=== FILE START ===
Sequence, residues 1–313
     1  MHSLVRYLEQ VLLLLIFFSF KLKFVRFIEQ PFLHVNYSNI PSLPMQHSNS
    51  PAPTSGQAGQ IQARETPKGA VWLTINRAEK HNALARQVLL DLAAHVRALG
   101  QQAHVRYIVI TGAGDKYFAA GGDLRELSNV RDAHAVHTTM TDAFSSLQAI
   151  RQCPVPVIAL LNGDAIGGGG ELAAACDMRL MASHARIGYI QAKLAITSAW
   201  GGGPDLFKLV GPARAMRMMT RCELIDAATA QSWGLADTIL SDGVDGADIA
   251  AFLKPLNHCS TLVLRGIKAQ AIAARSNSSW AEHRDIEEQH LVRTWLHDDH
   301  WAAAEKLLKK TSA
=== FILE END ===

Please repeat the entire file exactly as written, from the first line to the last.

Sequence, residues 1–313
     1  MHSLVRYLEQ VLLLLIFFSF KLKFVRFIEQ PFLHVNYSNI PSLPMQHSNS
    51  PAPTSGQAGQ IQARETPKGA VWLTINRAEK HNALARQVLL DLAAHVRALG
   101  QQAHVRYIVI TGAGDKYFAA GGDLRELSNV RDAHAVHTTM TDAFSSLQAI
   151  RQCPVPVIAL LNGDAIGGGG ELAAACDMRL MASHARIGYI QAKLAITSAW
   201  GGGPDLFKLV GPARAMRMMT RCELIDAATA QSWGLADTIL SDGVDGADIA
   251  AFLKPLNHCS TLVLRGIKAQ AIAARSNSSW AEHRDIEEQH LVRTWLHDDH
   301  WAAAEKLLKK TSA